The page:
Hi Bruce, Honestly I've never put much thought into it (d'oh!) - an unrestrained bow riding, jostling alongside the fingerboard made sense to me. As you pointed out this wear can be found on both sides of the board, and I've assumed that playing wouldn't do that; or that if it did, it would wear much more unevenly between treble and bass sides. I figured it was one of those odd quirks. Now that I think about it, I've been assuming lots of things - for example, that scrolls in the books often have more wear on their treble side than on the bass (I've never bothered to tally this up). Thinking about this, I figured that the majority of people are right handed, and therefore it made sense that most instruments would twist in the same direction while being put in their coffin case. Haven't really thought about it since. This is all probably grade 'A' bull though, and I shouldn't be so comfortable with my assumptions. Since even baroque necks were slightly angled back, and the drop off is so steep, I can visualize the top's edge at the neck acting as a fulcrum for the bow - but the wear that would be realized in that scenario would probably be fairly obvious to diagnos. Barring that instance, I can't think of of any reason off the top of my head why the bridge area wouldn't recieve the brunt of the wear. Thanks for indulging me, and since I don't think I've done it yet, thanks for participating on the forum! Joel
  4. Original Baroque Fingerboards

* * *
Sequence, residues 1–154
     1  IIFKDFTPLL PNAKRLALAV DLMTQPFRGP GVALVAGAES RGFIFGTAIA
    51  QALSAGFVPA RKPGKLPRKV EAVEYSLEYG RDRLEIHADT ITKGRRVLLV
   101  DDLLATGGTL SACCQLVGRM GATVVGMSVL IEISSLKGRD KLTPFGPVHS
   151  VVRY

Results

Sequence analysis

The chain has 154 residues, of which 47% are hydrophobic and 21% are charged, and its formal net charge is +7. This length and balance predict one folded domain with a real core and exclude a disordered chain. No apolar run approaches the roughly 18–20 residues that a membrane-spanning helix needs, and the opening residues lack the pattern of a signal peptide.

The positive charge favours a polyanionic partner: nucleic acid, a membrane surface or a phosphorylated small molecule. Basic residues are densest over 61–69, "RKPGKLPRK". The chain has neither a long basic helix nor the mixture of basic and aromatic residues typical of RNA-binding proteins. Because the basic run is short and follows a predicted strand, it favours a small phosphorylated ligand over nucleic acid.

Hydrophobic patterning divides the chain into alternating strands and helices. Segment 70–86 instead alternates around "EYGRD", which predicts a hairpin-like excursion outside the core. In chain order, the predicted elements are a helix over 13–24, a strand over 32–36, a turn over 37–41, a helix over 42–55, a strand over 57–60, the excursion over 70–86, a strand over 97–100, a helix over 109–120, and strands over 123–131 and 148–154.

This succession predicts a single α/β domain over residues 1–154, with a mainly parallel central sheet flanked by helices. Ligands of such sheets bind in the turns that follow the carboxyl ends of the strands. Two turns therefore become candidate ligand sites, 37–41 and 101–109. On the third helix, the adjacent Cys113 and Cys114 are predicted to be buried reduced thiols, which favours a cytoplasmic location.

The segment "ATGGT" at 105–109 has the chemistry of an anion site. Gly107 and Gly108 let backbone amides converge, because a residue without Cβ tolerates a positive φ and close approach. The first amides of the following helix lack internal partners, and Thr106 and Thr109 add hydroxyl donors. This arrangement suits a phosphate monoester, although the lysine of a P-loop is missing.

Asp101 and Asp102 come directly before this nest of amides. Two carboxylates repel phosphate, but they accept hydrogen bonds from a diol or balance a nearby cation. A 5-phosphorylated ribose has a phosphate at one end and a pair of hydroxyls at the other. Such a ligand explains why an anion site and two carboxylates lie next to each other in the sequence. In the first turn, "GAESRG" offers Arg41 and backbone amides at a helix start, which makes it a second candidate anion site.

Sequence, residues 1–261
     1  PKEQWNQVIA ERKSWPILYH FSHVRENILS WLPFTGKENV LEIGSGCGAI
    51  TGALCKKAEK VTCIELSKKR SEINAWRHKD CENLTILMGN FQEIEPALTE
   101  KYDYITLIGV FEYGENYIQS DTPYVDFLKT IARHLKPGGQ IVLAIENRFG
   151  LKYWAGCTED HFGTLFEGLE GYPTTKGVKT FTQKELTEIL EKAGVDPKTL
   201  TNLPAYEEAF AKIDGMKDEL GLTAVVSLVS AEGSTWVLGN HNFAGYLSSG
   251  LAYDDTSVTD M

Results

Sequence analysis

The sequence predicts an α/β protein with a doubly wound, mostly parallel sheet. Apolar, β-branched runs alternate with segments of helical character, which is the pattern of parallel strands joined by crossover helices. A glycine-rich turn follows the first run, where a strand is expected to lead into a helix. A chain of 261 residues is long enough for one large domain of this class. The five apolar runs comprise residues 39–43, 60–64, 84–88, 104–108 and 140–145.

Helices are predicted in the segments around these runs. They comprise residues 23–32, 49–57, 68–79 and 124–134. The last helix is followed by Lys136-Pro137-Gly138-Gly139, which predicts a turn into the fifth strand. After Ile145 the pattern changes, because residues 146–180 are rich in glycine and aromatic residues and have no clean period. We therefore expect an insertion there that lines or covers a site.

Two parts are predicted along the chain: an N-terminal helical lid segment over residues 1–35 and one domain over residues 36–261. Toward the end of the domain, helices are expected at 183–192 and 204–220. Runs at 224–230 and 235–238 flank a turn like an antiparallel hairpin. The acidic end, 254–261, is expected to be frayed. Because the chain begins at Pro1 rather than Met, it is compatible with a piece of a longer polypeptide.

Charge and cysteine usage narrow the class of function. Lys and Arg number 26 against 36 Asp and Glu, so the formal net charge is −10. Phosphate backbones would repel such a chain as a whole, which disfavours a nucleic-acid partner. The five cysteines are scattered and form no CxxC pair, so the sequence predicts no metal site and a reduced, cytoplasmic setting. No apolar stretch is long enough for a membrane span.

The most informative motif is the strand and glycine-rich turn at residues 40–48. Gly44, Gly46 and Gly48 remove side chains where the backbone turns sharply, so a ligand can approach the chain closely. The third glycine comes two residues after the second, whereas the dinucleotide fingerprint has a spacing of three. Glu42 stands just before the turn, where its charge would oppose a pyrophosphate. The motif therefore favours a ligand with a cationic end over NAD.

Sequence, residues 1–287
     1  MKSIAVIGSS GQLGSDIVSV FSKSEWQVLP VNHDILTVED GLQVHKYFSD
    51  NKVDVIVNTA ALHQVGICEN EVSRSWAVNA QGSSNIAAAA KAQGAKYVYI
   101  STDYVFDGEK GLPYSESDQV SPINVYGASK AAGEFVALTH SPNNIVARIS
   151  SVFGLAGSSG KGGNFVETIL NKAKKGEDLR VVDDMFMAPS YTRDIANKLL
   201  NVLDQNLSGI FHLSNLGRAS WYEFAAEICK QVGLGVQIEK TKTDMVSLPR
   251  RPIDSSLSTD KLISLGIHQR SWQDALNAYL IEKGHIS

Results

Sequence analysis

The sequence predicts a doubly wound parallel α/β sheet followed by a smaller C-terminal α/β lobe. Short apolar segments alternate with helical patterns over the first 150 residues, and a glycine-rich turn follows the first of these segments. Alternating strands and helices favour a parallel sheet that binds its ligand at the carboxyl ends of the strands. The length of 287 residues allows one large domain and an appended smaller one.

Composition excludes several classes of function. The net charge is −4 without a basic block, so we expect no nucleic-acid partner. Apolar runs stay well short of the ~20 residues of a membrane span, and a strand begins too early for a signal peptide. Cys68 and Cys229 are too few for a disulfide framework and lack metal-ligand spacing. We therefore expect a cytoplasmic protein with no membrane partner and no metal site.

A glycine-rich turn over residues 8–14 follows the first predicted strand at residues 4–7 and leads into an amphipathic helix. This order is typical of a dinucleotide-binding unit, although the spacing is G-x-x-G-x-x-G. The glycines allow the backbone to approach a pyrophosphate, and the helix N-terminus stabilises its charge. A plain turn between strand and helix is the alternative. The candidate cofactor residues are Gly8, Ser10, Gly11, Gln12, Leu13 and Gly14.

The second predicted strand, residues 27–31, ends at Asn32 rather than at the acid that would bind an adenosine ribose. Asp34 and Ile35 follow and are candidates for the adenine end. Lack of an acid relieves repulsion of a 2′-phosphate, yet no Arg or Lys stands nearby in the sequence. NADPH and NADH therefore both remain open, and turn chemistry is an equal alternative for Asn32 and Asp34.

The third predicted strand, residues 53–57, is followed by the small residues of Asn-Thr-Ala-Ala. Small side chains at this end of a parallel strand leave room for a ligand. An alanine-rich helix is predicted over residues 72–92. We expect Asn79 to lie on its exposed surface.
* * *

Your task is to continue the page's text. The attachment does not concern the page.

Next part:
Hi all, I've been reviewing what I can about the original set-ups of Cremonese and Brescian instruments (although I'm always interested in other traditions as well if anyone wants to share). I noticed a couple of the fingerboards had a centerline joint visible at the tailpiece end - 1664 Andrea Guarneri Tenor viola, and the 1690 Stradivari Tenor viola in Florence. I started wondering if it was common practice in cremona to use cut-offs from the top and back to build the fingerboard. Reading up on Hargrave's 1987 article concerning a relatively unaltered 1679 Jacob Stainer violin, he says "The top curve of the board is very flat, and it has a very tiny saw or file cut in the center at the end (see drawing). This "notch" is about the size that a string would fit into. I have no idea as to its originality or use". Centerline joints can be just as useful as a scribe line or notch, so I started wondering if these joints had a function. However, the original Strad fingerboard MS 129 isn't joined down the center at all - it's just a willow core with maple edges on either side (bass and treble). I think I can see joint lines indicating that the 1613 Girolamo Amati pochette fingerboard is of this variety as well. I don't see any centerline scribe line or notches on these two. The 1669 Andrea Guarneri viola seems to have a different variation of border edging as the fingerboard end face doesn't seem to correspond with the grain along the underside of the board. The 1721 Stradivarius 'Lady Blunt' fingerboard seems to have a single core with no edge border. Just was wondering if anyone else could add a little more concerning original baroque fingerboard variations, or about any tool marks they might display which could shed light on method or process. I'm assuming that the pinhole at the nut end of the 'Lady Blunt' fingerboard was added later for display purposes. Also, if anyone can offer some more definitive answers concerning which fittings might or might not be original in the Ashmoleon's collection, I'd really appreciate it. I haven't been able to purchase the new text yet, and I'm seeing contrasting opinions in the older sources I own. Thanks, Joel